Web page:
Leaving Brooklyn

Posted by Censor Librorum on Mar 13, 2006 | Categories: Lesbian in a Catholic Sort of Way

We are about to leave Brooklyn. We loved being in the city when we were younger, but now our priorities have changed. I want to walk on the sand and stones of a beach, not concrete. I’m done with concrete. I now remember why I didn’t like New York in the first place. It has everything but free nature.

We are also leaving because the Brooklyn neighborhood we moved to doesn’t exist anymore. Our neighborhood has changed so much in the last 17 years. Many places and old-timers I enjoyed when I first moved to Brooklyn are gone. The shelves at Leske’s Bakery are lean; Lento’s is gone; Thompson’s Fish Store has closed up. The casual, neighborly conversations in the elevator or the sidewalk in front of our apartment building–talking about the Rangers, the Knicks, Yankees and Mets, or the weather (New Yorkers constantly complain about the weather!) are not possible if people don’t speak the same language. I don’t speak Russian, Polish, Arabic, Spanish or Chinese.

What I will miss, and have a hard time leaving, is the community of St. Andrews. St. Andrews has given me good people and a spiritual home. When I sit in the pew at St. Andrews, I am home. I have appreciated Fr. M’s sermons. They are crisp intellectual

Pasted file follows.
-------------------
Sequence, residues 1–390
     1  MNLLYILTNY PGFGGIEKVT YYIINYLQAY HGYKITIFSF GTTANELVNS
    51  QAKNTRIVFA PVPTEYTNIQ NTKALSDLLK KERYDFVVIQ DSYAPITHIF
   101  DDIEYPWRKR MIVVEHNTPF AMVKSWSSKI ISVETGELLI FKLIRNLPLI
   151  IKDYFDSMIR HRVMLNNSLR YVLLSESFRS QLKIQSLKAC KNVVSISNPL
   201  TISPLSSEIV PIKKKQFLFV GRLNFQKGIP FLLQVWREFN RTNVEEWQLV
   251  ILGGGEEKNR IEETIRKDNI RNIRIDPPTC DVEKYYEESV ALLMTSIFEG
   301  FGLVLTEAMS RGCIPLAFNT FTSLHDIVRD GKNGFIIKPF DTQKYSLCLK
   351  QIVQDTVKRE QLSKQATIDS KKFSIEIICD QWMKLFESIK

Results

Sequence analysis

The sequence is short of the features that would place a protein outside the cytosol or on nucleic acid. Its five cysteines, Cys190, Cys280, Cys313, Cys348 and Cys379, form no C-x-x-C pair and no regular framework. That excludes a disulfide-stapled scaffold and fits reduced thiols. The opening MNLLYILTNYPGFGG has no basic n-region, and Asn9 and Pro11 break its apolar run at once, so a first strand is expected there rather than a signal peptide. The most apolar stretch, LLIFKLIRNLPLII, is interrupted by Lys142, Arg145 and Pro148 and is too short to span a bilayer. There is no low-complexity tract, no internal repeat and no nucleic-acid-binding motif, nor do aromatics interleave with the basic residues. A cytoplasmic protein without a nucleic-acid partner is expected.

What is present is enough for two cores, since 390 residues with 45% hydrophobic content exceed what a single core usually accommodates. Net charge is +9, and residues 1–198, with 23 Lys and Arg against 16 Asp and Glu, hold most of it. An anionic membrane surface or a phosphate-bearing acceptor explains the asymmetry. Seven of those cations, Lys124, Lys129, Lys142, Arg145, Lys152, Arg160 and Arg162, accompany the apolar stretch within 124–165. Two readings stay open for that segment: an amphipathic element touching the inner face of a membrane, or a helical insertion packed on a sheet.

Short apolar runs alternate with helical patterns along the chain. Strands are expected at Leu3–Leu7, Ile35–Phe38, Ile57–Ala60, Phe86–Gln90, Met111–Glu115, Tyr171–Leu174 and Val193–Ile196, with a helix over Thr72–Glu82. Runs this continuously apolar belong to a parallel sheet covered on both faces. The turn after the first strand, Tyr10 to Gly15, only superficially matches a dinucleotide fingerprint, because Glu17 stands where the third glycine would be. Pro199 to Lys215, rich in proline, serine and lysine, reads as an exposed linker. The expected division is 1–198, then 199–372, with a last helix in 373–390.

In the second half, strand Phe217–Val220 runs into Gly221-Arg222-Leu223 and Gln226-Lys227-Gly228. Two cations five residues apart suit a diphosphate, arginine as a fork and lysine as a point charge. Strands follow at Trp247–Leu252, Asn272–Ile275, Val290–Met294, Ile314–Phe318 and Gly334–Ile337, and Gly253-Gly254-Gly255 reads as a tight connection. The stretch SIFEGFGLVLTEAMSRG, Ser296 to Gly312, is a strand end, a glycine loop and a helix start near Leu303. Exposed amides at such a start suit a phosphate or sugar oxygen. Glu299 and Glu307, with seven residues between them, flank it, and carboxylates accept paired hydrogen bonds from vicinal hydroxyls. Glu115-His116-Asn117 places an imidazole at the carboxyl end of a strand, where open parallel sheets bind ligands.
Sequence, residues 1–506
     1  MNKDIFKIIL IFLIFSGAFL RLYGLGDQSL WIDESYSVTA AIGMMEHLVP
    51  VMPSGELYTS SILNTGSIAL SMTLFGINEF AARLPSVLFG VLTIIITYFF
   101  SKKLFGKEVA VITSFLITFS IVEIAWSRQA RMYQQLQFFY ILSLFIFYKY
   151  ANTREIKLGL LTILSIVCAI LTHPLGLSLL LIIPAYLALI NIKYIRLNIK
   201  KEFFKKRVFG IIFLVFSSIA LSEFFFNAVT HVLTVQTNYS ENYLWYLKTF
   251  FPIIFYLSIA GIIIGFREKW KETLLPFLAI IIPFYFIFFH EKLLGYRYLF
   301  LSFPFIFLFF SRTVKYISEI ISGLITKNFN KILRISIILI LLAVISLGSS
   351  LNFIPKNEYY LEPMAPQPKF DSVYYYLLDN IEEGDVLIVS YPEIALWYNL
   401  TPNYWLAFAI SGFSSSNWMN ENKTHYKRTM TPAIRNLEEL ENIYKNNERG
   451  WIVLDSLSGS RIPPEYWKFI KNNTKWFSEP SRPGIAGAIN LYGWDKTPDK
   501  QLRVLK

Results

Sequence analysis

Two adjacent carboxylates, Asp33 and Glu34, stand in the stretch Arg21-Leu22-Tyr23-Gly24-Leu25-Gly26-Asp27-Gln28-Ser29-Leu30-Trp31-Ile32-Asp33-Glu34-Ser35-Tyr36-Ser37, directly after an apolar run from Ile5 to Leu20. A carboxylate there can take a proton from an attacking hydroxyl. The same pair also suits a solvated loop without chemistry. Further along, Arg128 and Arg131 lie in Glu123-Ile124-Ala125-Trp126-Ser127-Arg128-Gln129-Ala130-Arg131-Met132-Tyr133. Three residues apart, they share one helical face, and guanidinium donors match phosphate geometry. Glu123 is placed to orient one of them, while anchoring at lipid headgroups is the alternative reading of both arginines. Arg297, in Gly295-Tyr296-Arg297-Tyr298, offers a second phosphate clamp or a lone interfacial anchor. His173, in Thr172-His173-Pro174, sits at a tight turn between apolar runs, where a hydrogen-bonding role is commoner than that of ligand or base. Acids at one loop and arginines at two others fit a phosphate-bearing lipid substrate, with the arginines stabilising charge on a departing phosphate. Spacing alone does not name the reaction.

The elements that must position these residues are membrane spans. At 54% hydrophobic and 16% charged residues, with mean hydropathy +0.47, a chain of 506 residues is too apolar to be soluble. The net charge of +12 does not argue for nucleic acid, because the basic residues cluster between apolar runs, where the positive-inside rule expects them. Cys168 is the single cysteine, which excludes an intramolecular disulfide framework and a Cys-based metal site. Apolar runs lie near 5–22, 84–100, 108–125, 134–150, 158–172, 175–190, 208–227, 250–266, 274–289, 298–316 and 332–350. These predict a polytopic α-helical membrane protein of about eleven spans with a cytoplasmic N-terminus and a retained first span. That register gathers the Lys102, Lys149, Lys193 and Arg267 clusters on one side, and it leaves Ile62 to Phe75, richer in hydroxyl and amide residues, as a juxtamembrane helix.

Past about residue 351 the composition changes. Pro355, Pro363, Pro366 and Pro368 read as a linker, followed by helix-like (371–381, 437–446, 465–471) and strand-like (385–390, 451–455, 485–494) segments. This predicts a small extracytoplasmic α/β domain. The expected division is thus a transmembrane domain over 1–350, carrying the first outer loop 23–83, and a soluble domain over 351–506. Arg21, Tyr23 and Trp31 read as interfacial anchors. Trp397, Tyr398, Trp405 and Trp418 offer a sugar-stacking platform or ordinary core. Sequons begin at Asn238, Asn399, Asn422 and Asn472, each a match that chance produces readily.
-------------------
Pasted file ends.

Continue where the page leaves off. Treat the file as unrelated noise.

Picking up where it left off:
and historical examinations of scripture, not tepid or fuzzy lectures where the congregation is inclined to hit the “doze” button before it’s time for Communion. Getting involved in various committees, getting to know people as I work with them or see them at mass; appreciating Fr. M. and the parish staff, bit by bit I have reawakened to a Catholic faith and heritage I put aside in anger and frustration many years ago.

St. Andrews is also the place where I first finally realized that in order to practice my faith I needed to set time aside during the week to do so. While I haven’t gone back to observing the Sabbath, I have made an effort to tone it down for work. As a transitionary measure, or some kind of weird mental compromise Catholics seem innately able to conjure up, I won’t call other Catholics on Sunday so I don’t interrupt their Sabbath! And I know I have ended up back in the faith when I’m starting to make mental shifts like the above, and also incorporating petitions and promises (“Dear God, help me to find a parking spot. I promise I’ll…) What Catholic in Brooklyn has not fervently said this prayer?

The part of me where St. Andrews has had the most lasting impact is that I have begun to forgive myself for my lapses, failed intentions and mistakes. When I was able to forgive myself, I became less judgemental with others. It also opened the door to a growing relationship with God, since I don’t feel I have to stand in judgement every second. I have come to believe the former emphasis on obeying every rule and law took people away from God. It became a burden, when, as I am discovering, it really is a joy.

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One Response to “Leaving Brooklyn”

  1. Anonymous Says:

    You say: “(the city) has everything but free nature.” I take exception to that! The other day I was on solid asphalt but witnessed an air fight between two crows (ravens perhaps) and a red-tailed hawk. The hawk finally fed up soared up, up, up, away. That was a sight!

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